In Conversation with Zenobia Frost

Brisbane is an amazing town with an overabundance of talented sorts, and if you want to talk creative overachievers, Zenobia Frost definitely makes the list. Zenobia, aside from being one of those genuinely nice people, is a winner of the Val Vallis Prize, and a Queensland Writers Fellowship, as well as being shortlisted for the NSW Premier’s Literary Awards Kenneth Slessor Prize and a Red Room Poetry Fellowship. Kicking ass over at the Queensland Poetry Festival, Zenobia is dedicated to making the local poetry scene as accessible and engaging as possible (spoiler: she succeeds). I am so incredibly hyped to get to talk to Zenobia, and find out some new writers to fall in literary love with!

Poetry is an artform in a constant state of motion, and utilises a range of forms and styles. Though I know it’s a complex question, how would you describe your poetry to someone new to the artform?

It is indeed a complex question! First I would say — to someone new to the art form — that poetry is like … the motorcycle of the literature world: a lotta power in a concise package. Or, for a different mood, the Buffy of the lit world: 5’4”, looks little, packs a surprising punch.

I tend to tell people what it’s about rather than how it’s formed: my first collection is about graveyards and (in…contrast) growing up. My new collection is about living in Queensland, rental insecurity, love, loss, and pop culture (i.e. The Bachelorette, but make it gay). It is also a platform for my bad puns now sealed with an ISBN.

When I talk to people about poetry, it often devolves into horror stories from school. For a lot of people, their experience with poetry is all about the dead white guys with very set structures in their work, and a focus on winning the girl. Even worse, often all the beauty and meaning of the work get lost within the need to critically evaluate and analyse every single word, and that experience has stopped so many people from exploring poetry outside of the classroom.  What advice would you have for people thinking of giving poetry another try? Or those who think poetry is all about the white male perspective?

*gif of Robin Williams tearing out pages from the textbook in Dead Poets Society*

It’s tricky. Teachers — who are all, to be clear, underpaid precious gem — aren’t always creative writers, rarely poets, and often might not even have the time to read for pleasure often. When it comes to poetry Vs NAPLAN… if students see poetry at all in their classrooms, it’s often taught through a narrow lens. There’s a balance, of course, between analysis and feeling: there ought to be both. I got really lucky: I had a particular teacher (where are you, Ms Cooper?!) who got the balance — I really have a lot to thank her for. She was putting books in my hand from her personal collection.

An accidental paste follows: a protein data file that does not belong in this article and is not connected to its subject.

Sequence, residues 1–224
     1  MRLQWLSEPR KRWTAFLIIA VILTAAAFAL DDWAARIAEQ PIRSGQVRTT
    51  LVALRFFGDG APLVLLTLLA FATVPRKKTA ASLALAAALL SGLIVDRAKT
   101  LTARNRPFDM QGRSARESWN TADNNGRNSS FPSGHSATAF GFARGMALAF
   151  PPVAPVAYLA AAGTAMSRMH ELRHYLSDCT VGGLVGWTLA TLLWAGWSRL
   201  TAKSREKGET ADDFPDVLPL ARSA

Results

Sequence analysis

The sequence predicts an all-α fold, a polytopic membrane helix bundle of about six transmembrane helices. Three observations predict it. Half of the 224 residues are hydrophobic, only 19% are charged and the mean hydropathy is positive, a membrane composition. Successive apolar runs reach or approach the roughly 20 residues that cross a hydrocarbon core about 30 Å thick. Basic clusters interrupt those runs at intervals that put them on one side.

Coming back to the present day (because high school is now far, far behind me…) , I would hope that poetry’s current resurgence in popularity — led, at least in part, by forms like slam — show people that poetry comes in many forms, shades, tones and voices. There is something for you in poetry, whether it’s on the page or stage or both.

You hear that fear of poetry from prose writers almost as much. I think even prose writers sometimes think poetry is an untouchable mystery, not a condensed (often-)non-narrative form. Sure, some poetry is challenging — in the same way some prose (fiction or nonfiction) is challenging. In terms of how ‘hard’ or ‘mysterious’ poetry is, there are the Judith Butlers of poetry and the Dan Browns of poetry, there are the James Joyces of poetry and the Stephanie Meyerses of poetry, and literally every conceivable tone, voice, style and level of accessibility in between. This is not a judgement call on any of those authors, by the way; I just mean, there is poetry out there that was written for you.

What do you think makes a good, or great, poem?

Let’s first get subjectivity out of the way: life is a rich tapestry, and every person will have a different opinion of what makes good art. For me, a great poem isn’t trite or stale. For me, a great poem might have surprising images that resonate, might sound really damn good, might make me feel something, might be technically inventive, might be funny — or any combination of these things.

Recently, I got to take a workshop with Buddy Wakefield, and he has a list of overused words that he refuses to use in poems. Are there any themes of images that you think are just overdone at this point?

I think lists like that are useful tools, but of course, rules are made to be broken — it’s interesting to think about how you can make those overused words new, or subvert their overuse. I remember, years ago, a poet (I think it was Ross Donlon?) introduced his set at a reading by saying he’d been told cicada poems were overdone, and then he read this most incredible cicada poem. Then all of us on that trip (to Tasmania? It was years ago, there was wine) wrote fun cicada poems and were, truly, the softest and smuggest of rebels. It’s very rare we poets get a new theme to work with; the trick is making them new, and new again.

What themes, phrases, or images do you love to see reflected in poetry?

I don’t have too many preferences! I just want to be surprised.

After the Demolition is your latest book, published last year through Cordite. What’s the collection about?

As the collection came together, it really did develop a theme of rebuilding, moving on, changing — after various kinds of demolition (of houses, of homes, of bodies, of relationships). Ironically I don’t much talk about Feelings publicly (I’m a tweet-n-delete gal), but in these poems you’ll often see my grief and displacement. I had some lemon years; I wrote some lemonade. (It’s not all gloomy, I promise! There’s also joy — specifically newfound queer joy — hope, and also The X-Files rambling. Sometimes these poems reflect (with mixed success) my secret dream to be a stand-up support act for Rhea Butcher.